"I will tell you that when I was born I had lost far fewer than the average number of neurons due to cell-suicide. I don't know how many fewer - no one knows - it cannot be known, for it was never tested. So how do I know this? Because when I was born I could speak several dialects of Hindi and Punjabi and remembered clearly a life from which I had just come, a past life. But my motor ability to use my tongue was undeveloped, though I endeavored to strengthen the muscles of my larynx and tongue quickly. I wanted to shout out to my mother and father in Hindi that I was living proof of reincarnation. I wanted to describe in exacting detail the memories of my life and the images I held in my brain for which I said to myself when I was still in utero: "remember! remember! remember! When you pass through from the womb to light, you will remember the life from which you have just come. You will remember fine details and speak the language of the life you have just led, and you will proclaim to the world when you are born that you have not forgotten the life from which you have come. Listen to me my new mother and father, I would say, if we go to northeast India I will take you to my village and tell you who my friends and family were.
"But let me tell you: it was not just languages, or past lives. There were mathematical formulas that danced in my mind, but I could not speak of them or write them down - the muscles in my hand were weak and soft like butter and for every effort I made, they would not respond. For this I wanted to shout out, "my newest mother and father, listen to me! I know how space is curved around every object and the equations for it all and for every interaction and motion in the cosmos! Listen! There are things I know but which I cannot begin to tell you.
"Instead all I could do was to cry aloud and make infant sounds and flail my tiny arms around. Can you imagine the frustrations? Can you imagine being such a prisoner to your body? There are no bonds with which anyone could constrain me now to match the bondage of my own infant body! But then I became content, with a plan - simply to wait, to wait until my body strengthened. When the muscles of my hands and larynx and tongue matured, then would I reveal to the world these amazing facts.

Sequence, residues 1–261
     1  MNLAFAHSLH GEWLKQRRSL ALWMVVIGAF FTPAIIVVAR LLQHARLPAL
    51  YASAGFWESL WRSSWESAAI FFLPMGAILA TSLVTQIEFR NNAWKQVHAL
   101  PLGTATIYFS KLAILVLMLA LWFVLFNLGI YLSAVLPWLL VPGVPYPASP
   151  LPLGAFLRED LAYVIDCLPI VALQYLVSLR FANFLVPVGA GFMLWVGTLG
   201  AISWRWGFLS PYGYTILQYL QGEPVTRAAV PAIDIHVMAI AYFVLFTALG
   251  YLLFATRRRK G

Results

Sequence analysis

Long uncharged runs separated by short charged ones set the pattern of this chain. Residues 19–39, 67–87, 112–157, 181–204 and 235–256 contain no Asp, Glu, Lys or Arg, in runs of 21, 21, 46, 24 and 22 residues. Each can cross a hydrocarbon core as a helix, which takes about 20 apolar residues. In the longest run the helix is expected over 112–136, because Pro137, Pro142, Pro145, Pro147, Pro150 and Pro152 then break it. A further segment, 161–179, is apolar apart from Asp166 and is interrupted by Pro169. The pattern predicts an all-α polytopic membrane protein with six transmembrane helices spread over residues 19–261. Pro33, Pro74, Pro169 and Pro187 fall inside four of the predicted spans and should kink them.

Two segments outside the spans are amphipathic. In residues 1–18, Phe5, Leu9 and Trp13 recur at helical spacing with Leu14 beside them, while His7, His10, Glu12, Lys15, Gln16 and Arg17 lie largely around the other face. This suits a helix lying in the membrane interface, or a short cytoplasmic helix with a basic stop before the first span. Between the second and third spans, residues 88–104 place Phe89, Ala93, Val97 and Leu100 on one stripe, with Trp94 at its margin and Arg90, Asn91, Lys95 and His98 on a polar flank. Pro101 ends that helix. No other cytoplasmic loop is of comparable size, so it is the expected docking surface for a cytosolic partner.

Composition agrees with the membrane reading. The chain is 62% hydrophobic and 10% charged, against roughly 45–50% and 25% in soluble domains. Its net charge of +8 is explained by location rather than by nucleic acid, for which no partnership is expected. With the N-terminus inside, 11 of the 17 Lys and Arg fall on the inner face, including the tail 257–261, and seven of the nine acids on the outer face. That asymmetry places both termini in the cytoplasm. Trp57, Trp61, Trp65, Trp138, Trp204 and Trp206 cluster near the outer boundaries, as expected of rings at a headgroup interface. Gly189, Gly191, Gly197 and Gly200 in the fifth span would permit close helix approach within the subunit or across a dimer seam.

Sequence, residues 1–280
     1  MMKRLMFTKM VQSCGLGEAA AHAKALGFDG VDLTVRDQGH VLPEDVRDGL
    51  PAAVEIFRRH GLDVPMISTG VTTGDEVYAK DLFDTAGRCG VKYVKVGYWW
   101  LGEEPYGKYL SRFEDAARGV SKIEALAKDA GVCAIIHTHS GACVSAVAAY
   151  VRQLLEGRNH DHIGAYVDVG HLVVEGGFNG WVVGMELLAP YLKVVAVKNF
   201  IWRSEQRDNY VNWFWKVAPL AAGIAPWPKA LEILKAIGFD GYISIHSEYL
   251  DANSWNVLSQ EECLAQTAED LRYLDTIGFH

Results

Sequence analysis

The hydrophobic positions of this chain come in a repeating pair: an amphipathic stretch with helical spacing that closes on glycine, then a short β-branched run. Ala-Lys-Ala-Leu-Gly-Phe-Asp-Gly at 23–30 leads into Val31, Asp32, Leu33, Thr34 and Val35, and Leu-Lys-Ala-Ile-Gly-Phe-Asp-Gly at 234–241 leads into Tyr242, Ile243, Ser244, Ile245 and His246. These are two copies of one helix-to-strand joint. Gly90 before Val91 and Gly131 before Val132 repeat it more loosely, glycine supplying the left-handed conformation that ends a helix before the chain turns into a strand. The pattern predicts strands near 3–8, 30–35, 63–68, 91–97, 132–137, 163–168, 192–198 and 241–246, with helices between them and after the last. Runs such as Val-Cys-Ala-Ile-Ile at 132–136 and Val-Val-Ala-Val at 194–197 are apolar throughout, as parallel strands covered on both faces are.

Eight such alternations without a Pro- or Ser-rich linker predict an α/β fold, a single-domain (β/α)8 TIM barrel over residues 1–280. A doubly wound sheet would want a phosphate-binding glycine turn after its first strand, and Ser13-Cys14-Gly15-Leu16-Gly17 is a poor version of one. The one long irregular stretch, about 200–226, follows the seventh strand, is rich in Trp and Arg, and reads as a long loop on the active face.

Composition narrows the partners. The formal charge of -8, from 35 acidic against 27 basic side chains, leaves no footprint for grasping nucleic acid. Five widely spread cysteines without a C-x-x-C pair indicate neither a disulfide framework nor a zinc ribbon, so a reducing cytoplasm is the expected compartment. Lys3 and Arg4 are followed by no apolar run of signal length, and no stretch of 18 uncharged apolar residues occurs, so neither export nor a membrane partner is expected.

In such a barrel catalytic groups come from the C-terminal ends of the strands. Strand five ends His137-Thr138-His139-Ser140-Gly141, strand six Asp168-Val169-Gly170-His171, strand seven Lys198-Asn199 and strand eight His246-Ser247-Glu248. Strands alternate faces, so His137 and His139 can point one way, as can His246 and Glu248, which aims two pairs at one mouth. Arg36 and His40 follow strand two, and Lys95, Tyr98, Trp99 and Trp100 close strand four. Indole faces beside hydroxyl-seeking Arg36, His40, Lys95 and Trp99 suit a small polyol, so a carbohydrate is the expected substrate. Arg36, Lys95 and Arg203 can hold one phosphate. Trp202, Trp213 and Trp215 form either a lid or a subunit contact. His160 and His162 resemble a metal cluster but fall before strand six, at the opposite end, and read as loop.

"But do you know what happened? Will you believe that one day in my crib during a fit of pique I flipped out when the poorly fastened cage door fell down? I landed on my back and hit my head on the hard wooden floor. I could feel changes in my brain occurring even then, and I cried out in my mind, and all that came was the shrill sound of my infant strains: "mother, father - let me speak to you now before I lose it all! You must listen, for it is happening at last - I feel the memories all fading and while you comfort me I am learning this life anew. Please hold me! Hold me and let me speak Hindi and Punjab to you and recount the story of my life!
"But when they picked me up, I was just a baby. Just a baby like you were a baby, with no Punjab or Hindi remaining and no clear image left of my life before. Why have I not forgotten even that? Because I said this much to myself "remember this much: remember that you once knew these things - remember when your mother tells you that you once fell from your crib that you once did know many things. If you cannot remember what they were, then at least you will remember that you had these memories.
"To this day I try to remember what they were, but there are only fleeting images now and again. I do not know if it was Hindi and Punjab anymore, and I will forgive you if you believe that I am inventing this entire story. But one thing you must know: it happened to you too. It happened to every one of us. We knew so much more before we were born than we can possibly imagine, and then it vanished by apoptosis. Do not for a moment believe that those 900 billion neurons were inert and empty of knowledge. They were alive, just like yours are now, and deeply interconnected - by virtue of their existence and vitality, they contained vast amounts of knowledge. This much I know is true."
The gypsy cyclist, tired, thanked the man for his story and said he must eat or risk fainting. He turned away to seek his primary requirement: nourishment for his body.
Friday, October 19, 2007
Short update since the Royal Vic Half two weekends ago, as well as my memory serves me.
- Monday after the race - rode about an hour, easy
- Tuesday - off completely
- Wednesday - slightly harder ride for 1.5 hours
- Thursday - run to Oak Bay for weight room workout - kept all weights light as sartorious is still a bit tender - stretch/calisthenics - run home
- Friday off completely
- Saturday off completely
- Sunday - two hour ride
- Monday this week - 40 minute run, easy
- Tuesday - 1.5 hour ride mostly relaxed with some efforts - legs felt really good
- Wednesday - run to Oak Bay for weights - added two new adductor and abductor leg exercises to routine, again kept weights light, but increased over last week - ride exercise bike for 10 minutes - stretch/calisthenics - run home
- Thursday - 1hr 5min run, relaxed but quick (sub-tempo) - felt good, but could tell legs were a tiny bit tight from previous four days in a row
- Today will be off, with plans for longer rides/run this weekend
Sunday, October 8, 2007